Also, if you're in a giving mood, MoJo is running a fundraiser this month. Click here to help keep catblogging going. (Oh, and to support our investigative reporting, too.) And if you're still in a giving mood—and why wouldn't you be?—you might consider putting aside a few dollars for Emptywheel, a blog that's been even more useful than usual lately in the wake of all the NSA surveillance disclosures.

Here is James Clapper, the director of national intelligence, talking about the disclosure of NSA surveillance programs by Edward Snowden:

I think it's clear that some of the conversations this has generated, some of the debate, actually needed to happen.

And here is FISA judge Dennis Saylor, ordering the government to conduct a declassification review of court rulings related to the NSA's phone records program:

The unauthorized disclosure in June 2013 of a Section 215 order, and government statements in response to that disclosure, have engendered considerable public interest and debate about Section 215. Publication of FISC opinions relating to this provision would contribute to an informed debate....Publication would also assure citizens of the integrity of this Court's proceedings.

And, of course, here is President Obama shortly after the first Snowden disclosures:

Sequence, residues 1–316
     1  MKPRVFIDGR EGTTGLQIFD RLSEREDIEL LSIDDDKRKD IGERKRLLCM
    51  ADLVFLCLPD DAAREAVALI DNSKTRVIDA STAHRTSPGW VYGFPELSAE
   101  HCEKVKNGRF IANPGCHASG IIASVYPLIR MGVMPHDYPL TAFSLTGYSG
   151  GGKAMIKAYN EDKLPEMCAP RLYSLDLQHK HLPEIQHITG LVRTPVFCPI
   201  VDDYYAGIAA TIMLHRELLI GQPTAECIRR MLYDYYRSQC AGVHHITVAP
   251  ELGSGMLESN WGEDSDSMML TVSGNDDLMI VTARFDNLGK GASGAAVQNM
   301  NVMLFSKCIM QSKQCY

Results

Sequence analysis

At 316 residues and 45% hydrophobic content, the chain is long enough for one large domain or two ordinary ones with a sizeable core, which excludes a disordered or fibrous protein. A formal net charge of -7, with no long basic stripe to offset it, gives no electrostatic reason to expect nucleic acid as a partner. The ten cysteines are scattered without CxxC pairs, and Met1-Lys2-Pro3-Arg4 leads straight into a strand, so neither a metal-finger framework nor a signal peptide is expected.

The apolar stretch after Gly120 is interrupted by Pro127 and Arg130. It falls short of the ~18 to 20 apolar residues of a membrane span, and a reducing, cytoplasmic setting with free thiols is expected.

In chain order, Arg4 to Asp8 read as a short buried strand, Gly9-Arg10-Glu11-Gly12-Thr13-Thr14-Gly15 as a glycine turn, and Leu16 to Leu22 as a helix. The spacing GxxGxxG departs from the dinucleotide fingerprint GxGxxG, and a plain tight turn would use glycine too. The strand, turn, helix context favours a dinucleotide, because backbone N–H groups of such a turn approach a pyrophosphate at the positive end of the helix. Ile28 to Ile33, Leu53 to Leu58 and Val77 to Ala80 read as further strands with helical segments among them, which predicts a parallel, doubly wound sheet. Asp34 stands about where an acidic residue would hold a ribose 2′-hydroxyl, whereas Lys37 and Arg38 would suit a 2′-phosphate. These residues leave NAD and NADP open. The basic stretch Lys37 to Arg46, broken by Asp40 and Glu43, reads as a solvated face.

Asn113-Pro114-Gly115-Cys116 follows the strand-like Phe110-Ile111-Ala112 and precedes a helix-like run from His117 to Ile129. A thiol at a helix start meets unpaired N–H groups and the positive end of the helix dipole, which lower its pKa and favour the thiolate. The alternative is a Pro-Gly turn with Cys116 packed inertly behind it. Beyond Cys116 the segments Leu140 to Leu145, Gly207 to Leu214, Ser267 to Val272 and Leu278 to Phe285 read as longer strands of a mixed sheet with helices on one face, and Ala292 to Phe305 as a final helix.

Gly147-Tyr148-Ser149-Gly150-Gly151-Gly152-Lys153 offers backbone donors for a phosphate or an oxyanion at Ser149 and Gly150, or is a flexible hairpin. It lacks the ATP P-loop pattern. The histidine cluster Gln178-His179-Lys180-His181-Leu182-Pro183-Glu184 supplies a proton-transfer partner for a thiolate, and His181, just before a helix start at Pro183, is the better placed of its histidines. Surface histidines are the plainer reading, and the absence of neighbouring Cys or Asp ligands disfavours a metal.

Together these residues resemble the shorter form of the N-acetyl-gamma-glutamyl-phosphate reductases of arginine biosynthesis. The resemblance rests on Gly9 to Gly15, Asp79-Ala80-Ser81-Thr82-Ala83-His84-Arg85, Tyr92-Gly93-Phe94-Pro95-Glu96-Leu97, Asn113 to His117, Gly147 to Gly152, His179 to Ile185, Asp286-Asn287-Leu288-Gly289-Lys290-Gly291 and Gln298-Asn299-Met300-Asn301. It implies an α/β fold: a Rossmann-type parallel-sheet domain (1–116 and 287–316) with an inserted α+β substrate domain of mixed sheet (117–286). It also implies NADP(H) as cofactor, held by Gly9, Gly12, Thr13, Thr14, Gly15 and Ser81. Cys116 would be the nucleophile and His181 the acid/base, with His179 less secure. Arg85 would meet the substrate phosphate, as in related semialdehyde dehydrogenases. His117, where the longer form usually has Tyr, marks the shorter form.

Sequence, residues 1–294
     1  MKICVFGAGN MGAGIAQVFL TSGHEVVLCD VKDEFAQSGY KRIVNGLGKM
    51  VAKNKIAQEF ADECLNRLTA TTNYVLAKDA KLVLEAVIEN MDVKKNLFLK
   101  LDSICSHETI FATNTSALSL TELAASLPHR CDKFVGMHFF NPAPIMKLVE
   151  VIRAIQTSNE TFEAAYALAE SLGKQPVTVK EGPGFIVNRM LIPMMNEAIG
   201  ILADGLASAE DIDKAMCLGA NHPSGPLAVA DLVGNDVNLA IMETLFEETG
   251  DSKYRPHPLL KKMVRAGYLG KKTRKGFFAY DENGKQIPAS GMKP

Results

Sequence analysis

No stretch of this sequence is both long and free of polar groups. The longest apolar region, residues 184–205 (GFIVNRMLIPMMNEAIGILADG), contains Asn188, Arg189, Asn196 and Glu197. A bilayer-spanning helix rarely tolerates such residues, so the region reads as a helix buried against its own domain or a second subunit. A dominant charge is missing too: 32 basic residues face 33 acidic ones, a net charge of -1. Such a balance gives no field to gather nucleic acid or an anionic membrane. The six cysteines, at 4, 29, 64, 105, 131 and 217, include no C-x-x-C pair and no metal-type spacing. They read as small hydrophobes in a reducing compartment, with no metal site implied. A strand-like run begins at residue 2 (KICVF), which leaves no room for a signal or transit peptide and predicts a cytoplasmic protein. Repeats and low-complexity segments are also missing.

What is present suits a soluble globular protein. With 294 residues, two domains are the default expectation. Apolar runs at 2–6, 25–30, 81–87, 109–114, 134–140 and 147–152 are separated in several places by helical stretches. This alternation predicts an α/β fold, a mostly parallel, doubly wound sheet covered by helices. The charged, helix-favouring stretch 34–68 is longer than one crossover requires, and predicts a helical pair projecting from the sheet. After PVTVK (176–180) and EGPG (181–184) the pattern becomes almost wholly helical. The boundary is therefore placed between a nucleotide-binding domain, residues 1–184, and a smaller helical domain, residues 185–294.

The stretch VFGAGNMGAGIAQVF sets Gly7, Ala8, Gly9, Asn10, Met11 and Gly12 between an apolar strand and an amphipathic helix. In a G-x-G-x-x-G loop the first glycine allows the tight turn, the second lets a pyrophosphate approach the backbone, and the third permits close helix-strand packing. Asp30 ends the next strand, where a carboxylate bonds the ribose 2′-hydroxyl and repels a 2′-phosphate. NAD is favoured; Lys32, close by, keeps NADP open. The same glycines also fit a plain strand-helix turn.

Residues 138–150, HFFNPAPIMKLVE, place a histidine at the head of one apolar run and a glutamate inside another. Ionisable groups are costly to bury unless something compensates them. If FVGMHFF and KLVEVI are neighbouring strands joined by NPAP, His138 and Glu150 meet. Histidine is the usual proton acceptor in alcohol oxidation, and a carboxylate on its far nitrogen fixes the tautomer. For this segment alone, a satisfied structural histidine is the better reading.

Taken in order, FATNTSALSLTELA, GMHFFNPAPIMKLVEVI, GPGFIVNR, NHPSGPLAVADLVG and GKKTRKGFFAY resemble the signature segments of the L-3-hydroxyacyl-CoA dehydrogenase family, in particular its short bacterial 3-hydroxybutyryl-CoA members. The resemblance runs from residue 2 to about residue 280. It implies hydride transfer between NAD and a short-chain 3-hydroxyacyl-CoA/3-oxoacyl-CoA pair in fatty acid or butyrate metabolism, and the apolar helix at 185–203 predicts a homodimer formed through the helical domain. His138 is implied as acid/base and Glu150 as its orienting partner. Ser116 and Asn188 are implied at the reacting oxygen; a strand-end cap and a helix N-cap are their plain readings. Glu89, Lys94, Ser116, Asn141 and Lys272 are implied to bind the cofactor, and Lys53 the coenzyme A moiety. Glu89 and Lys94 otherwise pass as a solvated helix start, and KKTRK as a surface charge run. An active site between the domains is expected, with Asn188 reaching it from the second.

I welcome this debate. And I think it's healthy for our democracy.

It's unanimous! Everyone thinks that Snowden's disclosures have generated a useful and much needed debate. So when do we actually get to have this debate?

I read this piece yesterday by Eliot Cohen and felt tempted to nominate him for Asshole of the Year. He's upset that Americans claim to be "war-weary":

The families of the fallen are entitled to war-weariness. So are those wounded in body or spirit, and their loved ones. The mother who has sent her son to war has a right to war-weariness, as does the father who prepares to send his daughter to battle again and again. But for the great mass of the American public, for their leaders and the elites who shape public opinion, “war-weariness” is unearned cant, unworthy of a serious nation and dangerous in a violent world.